( X  h)2 0) k)2 7 b2  1 +
and
(4)
0.) k)2 ( X  hI2 7  3 b2 +
In (3) the major axis is parallel to the x axis and the minor axis is parallel to the y axis. The foci have coordinates F(h + c, k) and F'(h  c, k), the vertices are at V(h + a , k ) and V ' ( h  a, k), and the
172
CONIC SECTIONS
[CHAP: 17
I
B'(0, b)
Fig. 176
Fig. 177
covertices are at B(h, k + 6) and B'(h, k  6) (see Fig. 178). In (4) the major axis is parallel to the y axis and the minor axis is parallel to the x axis. The foci are at F(h, k + c) and F'(h, k  c), the vertices have coordinates V ( h , k + a ) and V ' ( h , k  a ) , and the covertices are at B ( h + 6 , k ) and B'(h  b, k ) (see Fig. 179), EXAMPLES 17.8. Determine the center, foci, vertices, and covertices for each ellipse. x2 25
y2
+=I x2 y2 +=I
3
(d)
10
x2 y2 +=
( x  3)2 0,  4)2 =I U5 289 (x + 1 ) 2 0,  2)2 +=l +
9
1
100
64
25 9 Since a2 is the greater denominator, a* = 25 and b2 = 9, so a = 5 and 6 = 3. From a2 = b2 + 8, we get 25 = 9 + c2 and c = 4. The center is at (0,O). The vertices are at (a, 0) and (  U , 0), so V(5,O) and V (  5 , O ) . The foci are at (c, 0) and (c, 0), so F(4, 0) and F(4, 0). The covertices are at (0, b ) and (0,  6 ) , so B(0, 3) and B'(0, 3).
CHAP. 171
173
CONIC SECTIONS
't
B(h. c + b)

V(h+a. k)
V'(h k, a)
B'(h, k + 6)
Fig. 178

+ b, k)
(h b, k)B
I
V'(h, k
U )
Fig. 179
(6) c + z = l 10 3 a2 = 10 and b2 = 3, so a = b = fi,and since 2 = b2 + 2, c = t/;T. Since y2 is over the larger denominator, the vertices and foci are on the y axis. The center is
m,
(090).
vertices (0,a) and (0, a) V(0, vyo, foci (0,c) and (0, c) F(0,fi), F'(O,v7) covertices (6,O) and (6,O) B(fi,O), Bf(fi,O) 0)  4)2 (x  3)2 289 =225 1 u2 = 289 and 62 = 225, so a = 17 and b = 15 and from vertices and foci are on a line parallel to the y axis.
a),a)
(4
+
2 = b2 + 2, c = 8. Since (y  4)2 is over
a2, the
174
CONIC SECTIONS
center (h, k) = (3,4) vertices (h, k + a ) and (h, k  a) foci (h, k + c) and (h, k  c) covertices (h + b, k) and (h  b, k )
V(3,21), V’(3, 13) F(3,12), F’(3, 4) B(18,4), B’(12,4)
center ( h , k ) = (1,2) vertices (h + a, k) and (h  a , k) foci (h + c, k) and (h  c, k ) covertices ( h , k + b) and ( h , k  b)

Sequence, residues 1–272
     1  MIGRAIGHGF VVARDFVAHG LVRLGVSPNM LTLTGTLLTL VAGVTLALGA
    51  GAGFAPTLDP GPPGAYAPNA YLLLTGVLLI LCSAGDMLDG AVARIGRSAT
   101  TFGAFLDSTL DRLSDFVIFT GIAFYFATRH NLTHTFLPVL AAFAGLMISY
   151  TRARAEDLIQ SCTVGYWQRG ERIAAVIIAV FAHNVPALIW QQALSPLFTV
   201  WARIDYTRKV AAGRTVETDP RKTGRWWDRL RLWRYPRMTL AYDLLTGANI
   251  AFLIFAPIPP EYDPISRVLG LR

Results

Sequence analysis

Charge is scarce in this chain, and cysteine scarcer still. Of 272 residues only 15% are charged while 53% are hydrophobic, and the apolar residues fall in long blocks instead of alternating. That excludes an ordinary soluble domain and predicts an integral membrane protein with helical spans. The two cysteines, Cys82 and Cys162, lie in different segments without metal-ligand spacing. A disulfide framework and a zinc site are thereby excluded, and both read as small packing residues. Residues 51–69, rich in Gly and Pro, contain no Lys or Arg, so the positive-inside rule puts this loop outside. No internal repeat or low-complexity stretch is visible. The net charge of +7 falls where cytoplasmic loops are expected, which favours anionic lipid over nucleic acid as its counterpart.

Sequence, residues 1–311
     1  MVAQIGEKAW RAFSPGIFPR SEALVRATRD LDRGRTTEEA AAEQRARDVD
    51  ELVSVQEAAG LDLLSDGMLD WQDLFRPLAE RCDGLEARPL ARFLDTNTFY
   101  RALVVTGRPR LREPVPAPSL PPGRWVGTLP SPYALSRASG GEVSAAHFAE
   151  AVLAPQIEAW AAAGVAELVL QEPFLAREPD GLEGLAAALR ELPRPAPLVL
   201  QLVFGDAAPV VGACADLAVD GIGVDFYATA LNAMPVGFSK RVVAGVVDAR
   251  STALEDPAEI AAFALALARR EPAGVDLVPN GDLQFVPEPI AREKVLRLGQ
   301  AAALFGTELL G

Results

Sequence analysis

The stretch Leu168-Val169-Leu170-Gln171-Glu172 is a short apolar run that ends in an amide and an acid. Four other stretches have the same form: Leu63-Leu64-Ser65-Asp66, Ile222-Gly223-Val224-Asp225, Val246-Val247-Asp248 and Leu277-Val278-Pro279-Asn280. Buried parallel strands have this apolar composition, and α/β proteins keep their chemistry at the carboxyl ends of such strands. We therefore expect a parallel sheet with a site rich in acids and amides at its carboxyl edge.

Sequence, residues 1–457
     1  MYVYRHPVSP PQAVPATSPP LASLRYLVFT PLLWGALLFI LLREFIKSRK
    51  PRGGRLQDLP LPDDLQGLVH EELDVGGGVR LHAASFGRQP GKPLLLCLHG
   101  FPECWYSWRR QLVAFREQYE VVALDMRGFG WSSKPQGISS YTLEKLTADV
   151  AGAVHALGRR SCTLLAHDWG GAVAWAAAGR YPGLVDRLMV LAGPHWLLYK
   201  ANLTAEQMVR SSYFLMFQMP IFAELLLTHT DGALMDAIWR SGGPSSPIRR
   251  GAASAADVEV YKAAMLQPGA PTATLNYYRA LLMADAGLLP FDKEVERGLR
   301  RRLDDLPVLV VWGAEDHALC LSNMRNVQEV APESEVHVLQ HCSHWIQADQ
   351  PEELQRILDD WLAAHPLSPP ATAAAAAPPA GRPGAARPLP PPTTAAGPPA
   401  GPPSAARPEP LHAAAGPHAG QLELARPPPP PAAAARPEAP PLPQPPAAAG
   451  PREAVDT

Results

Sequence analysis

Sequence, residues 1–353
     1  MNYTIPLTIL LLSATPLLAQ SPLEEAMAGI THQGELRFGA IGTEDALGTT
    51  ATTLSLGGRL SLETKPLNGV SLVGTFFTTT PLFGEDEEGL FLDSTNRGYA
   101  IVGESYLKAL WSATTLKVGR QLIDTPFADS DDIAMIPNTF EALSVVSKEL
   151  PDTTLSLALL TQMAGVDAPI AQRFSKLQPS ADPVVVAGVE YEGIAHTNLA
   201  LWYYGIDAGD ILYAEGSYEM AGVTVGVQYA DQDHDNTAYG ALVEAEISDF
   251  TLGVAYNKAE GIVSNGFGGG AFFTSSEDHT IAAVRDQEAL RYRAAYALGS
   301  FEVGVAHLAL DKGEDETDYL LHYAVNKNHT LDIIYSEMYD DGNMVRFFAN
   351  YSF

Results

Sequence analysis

V(9,2), V ‘(  11,2) F(5,2), F’(7,2) B(l, lO), B’(1, 6)
[CHAP. 17
(x + 1)2 0, 2)2 +=l 100 64 a2 = 100, b2 = 64, so a = 10 and b = 8. From a2 = b2 + c2, we get c = 6. Since (x + 1)2is over a2 the vertices and foci are on a line parallel to the x axis.
EXAMPLES 17.9. Write the equation of the ellipse having the given characteristics.
central ellipse, foci at ( t 4 , 0 ) , and vertices at ( t 5 , O ) ( b ) center at (0,3), major axis of length 12, foci at (0,6) and (0,O) (a)
A central ellipse has it center at the origin, so ( h , k ) = (0,O). Since the vertices are on the x axis and the center is at (0, 0), the form of the ellipse is
(a)
x2 +  =y2I a2 b2 From a vertex at (5,O) and the center at ( O , O ) , we get a = 5. From a focus at (4,O) and the center at (O,O), we get c = 4. Since a2 = b2 + 9, 25 = b2 + 16, so b2 = 9 and b = 3. x2 y2 The equation of the ellipse is  +  = 1 25 9
(6) Since the center is at (0,3), h = 0 and k = 3. Since the foci are on the y axis, the form of the equation of the ellipse is
Thefociare ( h , k + c ) a n d ( h , k  ~ ) , s o ( O , 6 ) = ( h , k + c ) a n d 3 + ~ = 6 a n d c = 3 . The major axis length is 12, so we know 2a = 12 and a = 6. From a2 = b2 + 2 , we get 36 = b2 + 9 and b2 = 27.
0, 3)2 x2 The equation of the ellipse is +  = 1 36 27 EXAMPLE 17.10. Write the equation of the ellipse 18x2+ 12y2 144x + 48y + 120 = 0 in standard form.
+
+
1aX2 12y2 1 4 4 ~ 48y + 120 = 0 ( lsX2  1 4 4 ~+ ) ( 12y2+ 4 8 ~ = )  120 18(x2 aX) 12b2+ 4y) = 120 18(x2 8~ 16) + 12(y2+ 4y 4) = 120 18(x  4)2 + 120, + 2)2 = 216 1 8 (~ 4)2 120, + 2)2 =1 216 216
+ +
+
( x  4)2
12
0, + 2)*
+=l
18
+
+ 18(16) + 12(4)
reorganize terms factor to get x2 and y2 complete square on x and y simplify divide by 216 standard form
17.6
175
CONIC SECTIONS